Tunisia’s leading trade union organisation has warned that should the Gen Guerdane protesters’ concerns go unaddressed, the country faces a repeat of the insurgency that cost the lives of more than 50 people in March of this year.
“At the moment things are calm”, a spokesperson from the Regional Executive Bureau of Medenine of UGTT, Jamel Halfet told Tunisia Live. However, a statement issued yesterday by the Secretary General of the General Labor Union, Houcine Abbass cautioned Ben Guerdane residents to demonstrate peacefully, highlighting the vulnerability of the town to further attack by ISIS, (Daesh). Commenting upon the statement of the Secretary General and the threat to the town, Halfet said “There is a direct threat from Daesh.”
Protests in Ben Guerdane broke out on Monday after a young man believed to have been involved in smuggling operations was killed during an exchange of fire with the army. Initial protests escalated rapidly, with demonstrators setting fire to the plant of a nearby construction company, blocking routes into the town and erecting a large tent within Ben Guerdane’s center from which to continue their protest.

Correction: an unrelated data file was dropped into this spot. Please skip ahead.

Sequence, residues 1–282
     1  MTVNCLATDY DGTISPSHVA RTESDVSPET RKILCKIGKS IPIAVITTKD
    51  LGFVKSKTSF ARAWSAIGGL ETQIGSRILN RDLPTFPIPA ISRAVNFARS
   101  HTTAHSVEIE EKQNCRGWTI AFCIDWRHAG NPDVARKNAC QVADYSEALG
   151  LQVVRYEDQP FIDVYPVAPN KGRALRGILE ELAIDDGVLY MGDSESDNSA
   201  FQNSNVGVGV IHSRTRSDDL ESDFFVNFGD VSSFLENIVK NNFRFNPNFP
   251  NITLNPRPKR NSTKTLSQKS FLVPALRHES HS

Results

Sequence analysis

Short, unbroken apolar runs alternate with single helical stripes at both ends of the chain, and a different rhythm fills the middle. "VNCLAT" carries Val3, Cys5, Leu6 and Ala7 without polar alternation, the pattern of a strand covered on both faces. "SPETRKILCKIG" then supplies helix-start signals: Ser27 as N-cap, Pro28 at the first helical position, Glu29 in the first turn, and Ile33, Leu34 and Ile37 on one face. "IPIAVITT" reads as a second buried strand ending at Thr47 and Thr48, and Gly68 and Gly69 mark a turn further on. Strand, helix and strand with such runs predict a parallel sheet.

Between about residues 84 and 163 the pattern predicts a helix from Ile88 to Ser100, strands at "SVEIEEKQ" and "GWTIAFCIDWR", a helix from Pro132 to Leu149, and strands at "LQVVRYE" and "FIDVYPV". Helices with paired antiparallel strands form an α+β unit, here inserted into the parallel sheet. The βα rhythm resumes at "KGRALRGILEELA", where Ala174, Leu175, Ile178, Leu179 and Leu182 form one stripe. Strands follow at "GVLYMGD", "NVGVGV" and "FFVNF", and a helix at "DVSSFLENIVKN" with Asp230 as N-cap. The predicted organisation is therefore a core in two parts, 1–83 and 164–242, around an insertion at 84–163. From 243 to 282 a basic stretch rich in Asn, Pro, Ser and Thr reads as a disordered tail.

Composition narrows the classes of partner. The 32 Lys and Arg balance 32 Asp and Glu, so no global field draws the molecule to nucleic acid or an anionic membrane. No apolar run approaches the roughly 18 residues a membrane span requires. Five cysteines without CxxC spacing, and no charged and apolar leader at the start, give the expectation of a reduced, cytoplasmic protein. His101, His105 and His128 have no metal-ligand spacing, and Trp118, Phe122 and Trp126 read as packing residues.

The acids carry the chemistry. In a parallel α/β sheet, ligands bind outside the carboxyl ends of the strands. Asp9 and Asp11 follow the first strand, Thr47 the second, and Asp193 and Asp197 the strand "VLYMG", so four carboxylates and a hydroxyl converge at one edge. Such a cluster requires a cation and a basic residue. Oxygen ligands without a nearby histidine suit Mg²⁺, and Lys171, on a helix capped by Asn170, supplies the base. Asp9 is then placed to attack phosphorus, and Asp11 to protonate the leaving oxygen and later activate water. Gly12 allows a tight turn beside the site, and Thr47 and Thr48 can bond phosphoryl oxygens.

Commenting on the latest wave of unrest to seize the border town, Halfet pointed to the successive failures of central governments in delivering upon past promises, as well as the town’s proximity to the border of war torn Libya as contributing factors in Ben Guerdane’s troubles. “If demonstrations continue without a solution, ” Halfet added, “opportunists within Daesh and similar groups can exploit these demonstrations and can easily mix with the people in the street.”
Since the beginning of the year there have been numerous deaths during clashes between the military and those suspected of being involved in smuggling operations, fueling longstanding hostility to central government. Speaking on local frustrations over Tunis’ attempts to assert its authority within the region, Halfet “The army has failed to secure the territory”. The pressure upon residents to secure some form of income has increased the volume of smuggling across the border, a factor said to be exploited by militant organisations on both sides, “There is no difference between the smugglers and the terrorists,” Halfet said.
Concluding his comments, Halfet said, “There needs to be a real response to the problems [both] economic and social by the government right now”. He said that the UGTT is currently attempting to coordinate an October meeting between local and central government in an attempt to secure a long lasting solution to the beleaguered town’s fortunes.